How to Set Classroom Boundaries

Updated February 21, 2017

The primary responsibility of every classroom is to cultivate learning. Students cannot learn in a disrespectful, chaotic or unsafe environment. Therefore, teachers need to establish a clear set of classroom rules and boundaries to help create the safe space that they want their classrooms to be. Make sure to establish boundaries early on in the semester so that students can begin learning them right away.

Create a list of rules and boundaries that you feel are important to have in your classroom. Make sure that students can reasonably follow all of the rules you set. If the rule or boundary is too difficult for students to follow or for you to monitor, then the rule is too impractical to be used. For example, accepting no absences is nearly impossible for students to follow, and requiring all students to work individually on homework is impossible to monitor. These types of boundaries would not work well in a classroom.

Collaborate with your students. Just as you have a preconceived notion of what types of rules and boundaries are appropriate for a classroom, so do your students. Ask students to think of a few ideas they feel should be a part of their classroom policies. The more students are involved in the boundary-setting process, the more likely they are to obey the rules because they had a stake in creating them.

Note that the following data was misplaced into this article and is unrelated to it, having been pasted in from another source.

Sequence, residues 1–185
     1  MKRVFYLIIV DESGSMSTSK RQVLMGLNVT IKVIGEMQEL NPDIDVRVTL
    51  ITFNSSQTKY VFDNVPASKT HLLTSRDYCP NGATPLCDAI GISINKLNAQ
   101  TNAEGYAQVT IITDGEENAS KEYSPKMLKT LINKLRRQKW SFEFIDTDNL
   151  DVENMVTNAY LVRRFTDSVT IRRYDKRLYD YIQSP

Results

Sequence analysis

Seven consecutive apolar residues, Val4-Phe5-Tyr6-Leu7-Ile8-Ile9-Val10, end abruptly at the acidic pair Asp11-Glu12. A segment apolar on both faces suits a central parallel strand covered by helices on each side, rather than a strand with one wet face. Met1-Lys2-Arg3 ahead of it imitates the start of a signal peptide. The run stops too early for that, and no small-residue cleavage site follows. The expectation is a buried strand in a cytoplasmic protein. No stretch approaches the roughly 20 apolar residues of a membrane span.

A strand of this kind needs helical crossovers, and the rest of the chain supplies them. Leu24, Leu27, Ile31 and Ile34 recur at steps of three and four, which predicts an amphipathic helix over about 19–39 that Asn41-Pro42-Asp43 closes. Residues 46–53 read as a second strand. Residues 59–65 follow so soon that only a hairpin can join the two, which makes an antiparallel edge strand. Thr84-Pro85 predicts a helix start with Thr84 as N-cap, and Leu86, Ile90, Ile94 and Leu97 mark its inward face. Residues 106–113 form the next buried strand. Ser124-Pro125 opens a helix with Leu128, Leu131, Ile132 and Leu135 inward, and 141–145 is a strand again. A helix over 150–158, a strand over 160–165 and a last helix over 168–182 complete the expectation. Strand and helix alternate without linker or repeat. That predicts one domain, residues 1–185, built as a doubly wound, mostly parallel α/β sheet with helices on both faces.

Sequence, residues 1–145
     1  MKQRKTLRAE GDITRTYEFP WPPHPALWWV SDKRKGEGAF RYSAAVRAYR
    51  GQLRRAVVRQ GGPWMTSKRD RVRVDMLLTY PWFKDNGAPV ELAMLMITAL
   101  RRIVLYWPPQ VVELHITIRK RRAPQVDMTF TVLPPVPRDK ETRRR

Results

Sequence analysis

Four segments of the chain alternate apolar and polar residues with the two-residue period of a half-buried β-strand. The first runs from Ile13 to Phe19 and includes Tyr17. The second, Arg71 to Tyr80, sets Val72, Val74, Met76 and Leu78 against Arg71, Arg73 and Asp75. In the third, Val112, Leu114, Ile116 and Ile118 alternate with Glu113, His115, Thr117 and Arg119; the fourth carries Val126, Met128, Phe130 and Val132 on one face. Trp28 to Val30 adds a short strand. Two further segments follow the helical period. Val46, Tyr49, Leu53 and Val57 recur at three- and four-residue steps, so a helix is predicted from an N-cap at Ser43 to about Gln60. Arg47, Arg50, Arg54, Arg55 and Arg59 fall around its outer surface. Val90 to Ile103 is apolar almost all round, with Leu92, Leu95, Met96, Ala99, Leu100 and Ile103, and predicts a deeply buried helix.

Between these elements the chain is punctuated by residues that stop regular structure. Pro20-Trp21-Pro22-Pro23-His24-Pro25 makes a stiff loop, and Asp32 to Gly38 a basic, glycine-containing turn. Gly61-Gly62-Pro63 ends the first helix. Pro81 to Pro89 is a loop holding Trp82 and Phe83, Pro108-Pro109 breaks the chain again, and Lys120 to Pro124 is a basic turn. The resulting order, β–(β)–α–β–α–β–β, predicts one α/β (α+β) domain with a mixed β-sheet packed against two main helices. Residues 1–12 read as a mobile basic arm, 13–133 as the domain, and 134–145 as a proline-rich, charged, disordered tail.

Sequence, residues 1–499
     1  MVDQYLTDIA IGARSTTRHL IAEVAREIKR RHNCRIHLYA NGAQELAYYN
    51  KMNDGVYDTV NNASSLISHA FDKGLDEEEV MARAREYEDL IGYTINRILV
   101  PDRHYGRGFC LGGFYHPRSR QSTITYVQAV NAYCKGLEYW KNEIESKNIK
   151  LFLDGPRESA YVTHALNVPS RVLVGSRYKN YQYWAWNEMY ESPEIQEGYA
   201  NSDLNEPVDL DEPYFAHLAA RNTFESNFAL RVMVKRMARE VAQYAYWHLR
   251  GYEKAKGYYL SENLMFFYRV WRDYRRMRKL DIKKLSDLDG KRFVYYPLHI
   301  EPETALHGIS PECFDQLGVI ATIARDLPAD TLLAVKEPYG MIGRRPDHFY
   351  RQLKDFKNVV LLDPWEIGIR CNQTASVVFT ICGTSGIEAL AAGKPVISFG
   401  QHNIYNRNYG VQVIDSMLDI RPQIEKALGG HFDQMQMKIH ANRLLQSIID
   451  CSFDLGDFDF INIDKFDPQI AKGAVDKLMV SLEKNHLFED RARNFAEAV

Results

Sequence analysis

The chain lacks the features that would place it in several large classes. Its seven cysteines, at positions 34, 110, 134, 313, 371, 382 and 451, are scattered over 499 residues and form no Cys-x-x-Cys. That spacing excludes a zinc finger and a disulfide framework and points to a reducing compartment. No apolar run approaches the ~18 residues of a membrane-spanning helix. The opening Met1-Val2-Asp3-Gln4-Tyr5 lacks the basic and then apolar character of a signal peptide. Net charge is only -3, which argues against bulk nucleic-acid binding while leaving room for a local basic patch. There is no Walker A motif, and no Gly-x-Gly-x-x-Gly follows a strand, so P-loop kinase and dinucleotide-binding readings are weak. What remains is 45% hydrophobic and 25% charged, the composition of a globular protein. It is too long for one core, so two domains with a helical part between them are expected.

Narrow down your rules. Your list of boundaries will be quite long once you combine your and your students' ideas. An exhaustive list of rules is ineffective because students cannot easily remember all that is expected of them. Therefore, you need to limit your boundaries to a manageable set of approximately three to five. Some of these rules can encompass others, such as "be respectful" instead of a number of more specific rules.

Establish a set of classroom rules and boundaries you want students to follow based on your narrowed list. Make sure that your official classroom boundaries do not contradict any rules established by your administration. Post the list in a location that students can see daily, such as on a classroom wall or on the course syllabus. Inform students' parents of the boundaries their children need to know.

Explain the consequences. Students need to know why you set the boundaries you have and how breaking them impacts other students. You should also establish a clear consequence for every rule you create. For example, if one of your boundaries is no discrimination, inform your students that discriminatory behaviour can hurt students or make them feel insecure and that any discriminatory act will result in immediate detention.

Maintain classroom boundaries consistently. Make sure that you habitually emphasise the importance of classroom boundaries and always inform students of when they have violated a particular rule. Some boundaries are more minimal than others, and the offence may warrant only a verbal reminder. However, enforce your rules and dole out consequences in a manner consistent with the level of offence.

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About the Author

Brad Conway began writing professionally in 2007, when he published an online column for the "New York Times Magazine." He holds a Bachelor of Arts in English from Temple University and a Master of Education in secondary education. Conway currently teaches high school and college English.